Review Française. — The first number of a new Review with this name was published in Paris, in June last, several copies of which we have recently received. It is intended, in some respects, to take the place of the old Review Française, which was brought to a close just before the Revolution of July, 1830. It professes to be devoted to no party, but pleged to an independent course in politics, philosophy, religion, and literature. Among the principal contributors, we notice the names of Rossi, Villemain, Jouffroy, Ballanche, Michelet, Buchon, with several others who are less known in this country. The introductory article, which, we presume, is from the pen of M. Rossi, presents a judicious and well-written view of the actual state of opinion in France, on the principal points of human inquiry. Its tone is encouraging, in the highest degree, to the belivers in the progress of man.

The following allusion to the literature of America may be interesting to our readers. It is taken from a short article referring to the interest manifested in this country, in the literature of Foreign nations.

« Of all known countries, North America is the one whose future condition may be previously announced, with the greatest confidence. A country, still new, young, without history, it presents to the observer a creation, which is not only the result of the social instincts of man and of an unforeseen combination of events, but the deliberate work of the human will, a social and political system applied on a virgin soil, by men who knew what they were about, and who meant to do precisely what they have done. The elements of this system are known, its principles determined, its premises distinctly laid down; hence, the consequences which it contains within its bosom must necessarily be displayed, with a sort of mathematical exactness. The errors of men, their passions, and external events may undoubtedly derange the regular progress of the country, may retard and modify the logical development of the American system ; but these causes of perturbation are themselves less difficult to be forseen and calculated in a country, which does not present the varieties, the complicated interests, the contrasts, that make the solution of political and social problems an affair of such difficulty in our aged Europe. By reason of their geographical situation and of the principles of their government, the United States are at the same time less exposed than any other civilized State to the influence of foreign politics : the future prospects of the Union depend entirely on itself, on the elements of its own political and social condition.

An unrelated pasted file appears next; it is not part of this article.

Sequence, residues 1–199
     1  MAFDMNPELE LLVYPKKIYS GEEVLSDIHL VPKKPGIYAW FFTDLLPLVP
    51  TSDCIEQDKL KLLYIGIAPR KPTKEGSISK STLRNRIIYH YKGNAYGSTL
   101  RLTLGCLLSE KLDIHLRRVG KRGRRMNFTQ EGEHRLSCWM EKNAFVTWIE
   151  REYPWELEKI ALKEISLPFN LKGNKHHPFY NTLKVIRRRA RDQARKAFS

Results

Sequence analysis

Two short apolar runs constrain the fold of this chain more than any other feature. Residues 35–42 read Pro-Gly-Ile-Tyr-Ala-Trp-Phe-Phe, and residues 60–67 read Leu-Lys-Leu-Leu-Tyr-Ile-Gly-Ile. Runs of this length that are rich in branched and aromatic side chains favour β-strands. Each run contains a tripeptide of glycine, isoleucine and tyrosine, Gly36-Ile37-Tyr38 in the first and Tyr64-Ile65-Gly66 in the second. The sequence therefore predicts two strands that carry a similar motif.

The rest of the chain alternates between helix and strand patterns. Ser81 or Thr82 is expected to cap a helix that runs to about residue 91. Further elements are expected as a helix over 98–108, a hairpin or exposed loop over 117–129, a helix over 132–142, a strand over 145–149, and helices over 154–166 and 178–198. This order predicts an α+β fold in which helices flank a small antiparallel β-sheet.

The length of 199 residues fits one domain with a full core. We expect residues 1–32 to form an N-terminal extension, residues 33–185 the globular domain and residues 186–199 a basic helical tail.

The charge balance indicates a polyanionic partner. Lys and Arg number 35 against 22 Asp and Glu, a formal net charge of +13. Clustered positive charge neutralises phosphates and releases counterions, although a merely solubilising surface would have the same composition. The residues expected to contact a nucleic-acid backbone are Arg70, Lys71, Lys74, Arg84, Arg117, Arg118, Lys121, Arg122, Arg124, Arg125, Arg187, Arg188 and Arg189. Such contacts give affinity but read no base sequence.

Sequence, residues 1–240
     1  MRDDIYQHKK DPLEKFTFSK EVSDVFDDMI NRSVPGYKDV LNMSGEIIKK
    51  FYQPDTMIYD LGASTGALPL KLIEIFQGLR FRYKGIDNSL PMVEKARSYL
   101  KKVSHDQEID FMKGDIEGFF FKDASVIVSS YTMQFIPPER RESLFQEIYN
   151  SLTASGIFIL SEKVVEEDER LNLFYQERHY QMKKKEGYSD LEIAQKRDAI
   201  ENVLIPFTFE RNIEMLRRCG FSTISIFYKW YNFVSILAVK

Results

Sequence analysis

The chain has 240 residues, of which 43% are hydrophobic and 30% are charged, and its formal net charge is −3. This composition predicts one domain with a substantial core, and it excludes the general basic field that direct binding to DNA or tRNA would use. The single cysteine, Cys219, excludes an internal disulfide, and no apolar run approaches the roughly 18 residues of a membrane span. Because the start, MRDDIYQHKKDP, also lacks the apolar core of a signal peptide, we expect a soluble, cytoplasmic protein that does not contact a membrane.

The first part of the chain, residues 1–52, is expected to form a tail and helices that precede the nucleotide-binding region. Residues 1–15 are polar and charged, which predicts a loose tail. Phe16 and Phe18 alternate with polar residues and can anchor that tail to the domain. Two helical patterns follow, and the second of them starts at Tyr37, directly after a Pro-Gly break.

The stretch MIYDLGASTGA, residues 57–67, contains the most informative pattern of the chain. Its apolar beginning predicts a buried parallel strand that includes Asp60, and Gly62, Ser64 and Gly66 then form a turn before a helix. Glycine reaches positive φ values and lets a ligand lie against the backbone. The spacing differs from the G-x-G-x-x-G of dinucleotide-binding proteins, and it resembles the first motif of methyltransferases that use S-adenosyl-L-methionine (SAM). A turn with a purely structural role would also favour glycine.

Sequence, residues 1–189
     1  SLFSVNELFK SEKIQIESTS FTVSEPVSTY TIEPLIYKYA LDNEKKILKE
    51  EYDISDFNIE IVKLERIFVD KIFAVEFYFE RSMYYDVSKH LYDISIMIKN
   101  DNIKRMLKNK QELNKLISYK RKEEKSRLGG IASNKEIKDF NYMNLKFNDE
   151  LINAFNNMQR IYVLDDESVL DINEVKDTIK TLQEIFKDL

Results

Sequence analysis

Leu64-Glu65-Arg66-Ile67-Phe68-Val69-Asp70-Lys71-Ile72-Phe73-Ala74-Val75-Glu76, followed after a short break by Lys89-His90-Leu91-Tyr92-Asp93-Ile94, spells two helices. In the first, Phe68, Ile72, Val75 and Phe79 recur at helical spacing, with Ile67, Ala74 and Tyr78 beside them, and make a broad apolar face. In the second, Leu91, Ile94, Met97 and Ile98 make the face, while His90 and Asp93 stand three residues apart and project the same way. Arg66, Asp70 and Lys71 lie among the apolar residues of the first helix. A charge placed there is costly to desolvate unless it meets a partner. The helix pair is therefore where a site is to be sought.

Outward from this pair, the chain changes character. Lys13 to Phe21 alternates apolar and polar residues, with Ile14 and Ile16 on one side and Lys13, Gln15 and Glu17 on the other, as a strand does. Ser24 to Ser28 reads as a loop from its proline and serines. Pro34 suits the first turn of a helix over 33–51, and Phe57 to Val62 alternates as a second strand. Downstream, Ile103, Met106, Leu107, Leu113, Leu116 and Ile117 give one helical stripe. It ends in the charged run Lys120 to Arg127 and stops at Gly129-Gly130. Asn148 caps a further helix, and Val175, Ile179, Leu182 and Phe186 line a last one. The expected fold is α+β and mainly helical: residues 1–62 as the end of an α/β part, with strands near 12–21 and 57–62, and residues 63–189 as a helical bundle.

“ Thus it was easy to forsee that the Americans, occupied at first with their establishment, their material organization, and their fortune, and without many individuals who had secured a social position, and obtained the enjoyment of leisure, would not for a considerable time apply their talents and energy to the department of science and literature.

“This first period now seems to be drawing to a close ; new wants cannot fail to make themselves felt; the material world no longer ex• clusively occupies the strength of America. But the transition to an intellectual life, original, national, and vigorous, is never made at one bound. Besides America is the offspring of Europe; the languages which she speaks are European; American literature must needs have its starting-point on the old continent. In this second period, America must study, imitate, and comment upon the literary and scientific productions of Europe. It is almost in the same condition in which the old Continent was placed in relation to antiquity, at the epoch of the Revival of Letters.

“ The third period will open whenever the social condition of America shall have experienced the ulterior modifications which are already foreseen by every attentive observer.”